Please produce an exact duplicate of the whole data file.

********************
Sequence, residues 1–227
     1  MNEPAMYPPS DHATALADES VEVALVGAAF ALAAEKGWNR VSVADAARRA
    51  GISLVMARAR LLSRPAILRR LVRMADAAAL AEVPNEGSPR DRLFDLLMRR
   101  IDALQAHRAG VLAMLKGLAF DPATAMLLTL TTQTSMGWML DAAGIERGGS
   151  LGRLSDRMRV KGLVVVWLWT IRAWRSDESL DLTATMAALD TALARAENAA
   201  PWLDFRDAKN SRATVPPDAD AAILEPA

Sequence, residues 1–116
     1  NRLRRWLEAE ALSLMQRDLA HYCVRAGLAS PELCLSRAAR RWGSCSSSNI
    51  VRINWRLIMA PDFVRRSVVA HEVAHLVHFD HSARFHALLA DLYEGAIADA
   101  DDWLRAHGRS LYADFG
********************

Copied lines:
Sequence, residues 1–227
     1  MNEPAMYPPS DHATALADES VEVALVGAAF ALAAEKGWNR VSVADAARRA
    51  GISLVMARAR LLSRPAILRR LVRMADAAAL AEVPNEGSPR DRLFDLLMRR
   101  IDALQAHRAG VLAMLKGLAF DPATAMLLTL TTQTSMGWML DAAGIERGGS
   151  LGRLSDRMRV KGLVVVWLWT IRAWRSDESL DLTATMAALD TALARAENAA
   201  PWLDFRDAKN SRATVPPDAD AAILEPA

Sequence, residues 1–116
     1  NRLRRWLEAE ALSLMQRDLA HYCVRAGLAS PELCLSRAAR RWGSCSSSNI
    51  VRINWRLIMA PDFVRRSVVA HEVAHLVHFD HSARFHALLA DLYEGAIADA
   101  DDWLRAHGRS LYADFG